University of Michigan
A new machine-learning algorithm for exploring lightweight, very stiff glass compositions can help design next-gen materials for more efficient vehicles and wind turbines. Glasses can reinforce polymers to generate composite materials that provide similar strengths as metals but with less weight.
Liang Qi, a professor of materials science and engineering at the University of Michigan, answered questions about his group's new paper in npj Computational Materials.
What is elastic stiffness? Elastic and glass don't seem to be two words that go together.
All solid materials, including glass, have a property called elastic stiffness--also known as elastic modulus. It's a measure of how much force per unit area is needed to make the material bend or stretch. If that change is elastic, the material can totally recover its original shape and size once you stop the force.
Why do we want light and very stiff glasses?
Elastic stiffness is critical for any materials in structural applications. Higher stiffness means that you can sustain the same force loading with a thinner material. For example, the structural glass in car windshields, and in touch screens on smartphones and other screens, can be made thinner and lighter if the glasses are stiffer. Glass fiber composites are widely used lightweight materials for cars, trucks and wind turbines, and we can make these parts even lighter.
Lighter vehicles can go further on a gallon of gas--6-8% further for a 10% reduction in weight, according to the U.S. Office of Energy Efficiency and Renewable Energy. Weight reduction can also significantly increase the range of electric vehicles.
Lighter, stiffer glass can enable wind turbine blades to transfer wind power into electricity more efficiently because less wind power is "wasted" to make the blades rotate. It can also enable longer wind turbine blades, which can generate more electricity under the same wind speed.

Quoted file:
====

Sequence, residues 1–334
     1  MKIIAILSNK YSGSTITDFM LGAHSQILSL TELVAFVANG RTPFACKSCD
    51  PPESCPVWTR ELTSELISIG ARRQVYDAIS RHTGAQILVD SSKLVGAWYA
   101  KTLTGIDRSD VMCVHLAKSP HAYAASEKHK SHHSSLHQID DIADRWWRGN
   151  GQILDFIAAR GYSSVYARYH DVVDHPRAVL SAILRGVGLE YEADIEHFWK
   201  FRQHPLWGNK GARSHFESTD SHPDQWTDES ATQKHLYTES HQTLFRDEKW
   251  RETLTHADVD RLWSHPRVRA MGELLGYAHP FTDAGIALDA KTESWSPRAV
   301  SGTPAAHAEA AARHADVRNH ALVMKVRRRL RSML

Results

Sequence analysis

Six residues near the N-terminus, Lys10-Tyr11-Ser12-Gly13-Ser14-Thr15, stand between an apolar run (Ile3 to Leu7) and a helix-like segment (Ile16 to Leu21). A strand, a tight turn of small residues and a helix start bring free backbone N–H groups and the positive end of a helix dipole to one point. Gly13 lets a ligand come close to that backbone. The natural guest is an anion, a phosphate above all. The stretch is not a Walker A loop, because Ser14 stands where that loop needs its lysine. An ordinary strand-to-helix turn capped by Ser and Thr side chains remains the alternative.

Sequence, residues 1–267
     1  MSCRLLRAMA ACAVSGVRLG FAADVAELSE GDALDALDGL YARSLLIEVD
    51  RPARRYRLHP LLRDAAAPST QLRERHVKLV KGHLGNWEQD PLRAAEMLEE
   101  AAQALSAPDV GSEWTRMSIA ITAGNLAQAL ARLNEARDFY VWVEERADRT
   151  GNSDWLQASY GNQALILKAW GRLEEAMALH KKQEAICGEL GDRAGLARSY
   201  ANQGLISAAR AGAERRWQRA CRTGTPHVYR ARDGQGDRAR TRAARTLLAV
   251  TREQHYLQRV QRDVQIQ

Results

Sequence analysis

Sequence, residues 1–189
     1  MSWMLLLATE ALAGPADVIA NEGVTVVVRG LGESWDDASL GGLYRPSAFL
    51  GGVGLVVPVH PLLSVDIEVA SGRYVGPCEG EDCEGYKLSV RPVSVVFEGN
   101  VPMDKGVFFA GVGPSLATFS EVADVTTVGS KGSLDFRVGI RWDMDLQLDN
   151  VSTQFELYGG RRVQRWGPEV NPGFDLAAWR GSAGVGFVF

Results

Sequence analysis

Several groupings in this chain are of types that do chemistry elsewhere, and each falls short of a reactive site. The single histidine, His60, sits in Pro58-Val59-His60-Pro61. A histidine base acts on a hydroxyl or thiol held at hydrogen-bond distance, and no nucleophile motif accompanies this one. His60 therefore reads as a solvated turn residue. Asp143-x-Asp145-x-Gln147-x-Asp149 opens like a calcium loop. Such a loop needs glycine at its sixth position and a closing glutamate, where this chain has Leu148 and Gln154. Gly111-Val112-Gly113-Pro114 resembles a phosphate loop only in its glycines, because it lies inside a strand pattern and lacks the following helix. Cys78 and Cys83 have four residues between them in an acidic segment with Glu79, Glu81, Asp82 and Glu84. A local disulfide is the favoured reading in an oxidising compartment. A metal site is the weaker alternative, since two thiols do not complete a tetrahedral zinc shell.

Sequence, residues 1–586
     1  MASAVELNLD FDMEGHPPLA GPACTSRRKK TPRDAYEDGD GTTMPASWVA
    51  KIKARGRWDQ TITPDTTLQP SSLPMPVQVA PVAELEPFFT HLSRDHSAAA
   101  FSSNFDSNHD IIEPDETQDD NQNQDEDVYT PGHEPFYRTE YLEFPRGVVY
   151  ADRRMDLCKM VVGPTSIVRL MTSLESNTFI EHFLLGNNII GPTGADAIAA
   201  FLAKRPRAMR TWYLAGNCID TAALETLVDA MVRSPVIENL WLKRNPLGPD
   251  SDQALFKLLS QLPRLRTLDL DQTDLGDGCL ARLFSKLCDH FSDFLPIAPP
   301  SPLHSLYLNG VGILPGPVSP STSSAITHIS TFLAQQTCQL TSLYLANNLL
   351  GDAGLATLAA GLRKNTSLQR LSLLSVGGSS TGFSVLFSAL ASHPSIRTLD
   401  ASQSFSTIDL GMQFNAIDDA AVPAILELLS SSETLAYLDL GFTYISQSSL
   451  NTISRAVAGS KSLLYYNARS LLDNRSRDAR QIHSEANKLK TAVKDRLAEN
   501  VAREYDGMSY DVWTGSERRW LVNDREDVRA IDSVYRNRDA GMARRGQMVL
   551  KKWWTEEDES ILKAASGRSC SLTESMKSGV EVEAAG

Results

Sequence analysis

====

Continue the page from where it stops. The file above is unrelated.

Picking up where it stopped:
What are the challenges in trying to design light but resilient glasses?
Because glasses are amorphous--or disordered--materials, it's hard to predict their atomistic structures and the corresponding physical/chemical properties. We use computer simulations to speed up the study of glasses, but they require so much computing time that it is impossible to investigate each possible glass composition.
The other problem is that we don't have enough data about glass compositions for machine learning to be effective at predicting glass properties for new glass compositions. Machine learning algorithms are fed data, and they find patterns in the data that enable them to make predictions. But without enough of the right training data, their predictions aren't reliable--just like a political poll conducted in Ohio cannot predict the election in Michigan.
How did you overcome these barriers?
First, we used existing high-throughput computer simulations to generate data on the densities and elastic stiffnesses of various glasses. Second, we developed the machine learning model that is more suitable for a small amount of data--because we still didn't have a lot of data by machine learning standards. We designed it so that the key thing it pays attention to is the strength of the interaction between atoms. In essence, we used physics to give it hints about what was important in the data, and that improves the quality of its predictions for new compositions.
What can your model do?
While we trained our machine learning model with glasses made of silicon dioxide and one or two other additives, we found that it could accurately predict the lightness and elastic stiffness of more complex glasses, with more than 10 different components. It can screen as many as 100,000 different compositions at once.
What are the next steps?
Lightness and elastic stiffness are only two properties that are important in designing glasses. We also need to know their strength, toughness, and their melting temperatures. By openly sharing our data and methods, we hope to inspire the development of new models in the glass research community.
EurekAlert!, the online, global news service operated by AAAS, the science society: https://www.eurekalert.org/pub_releases/2020-03/uom-dlg032620.php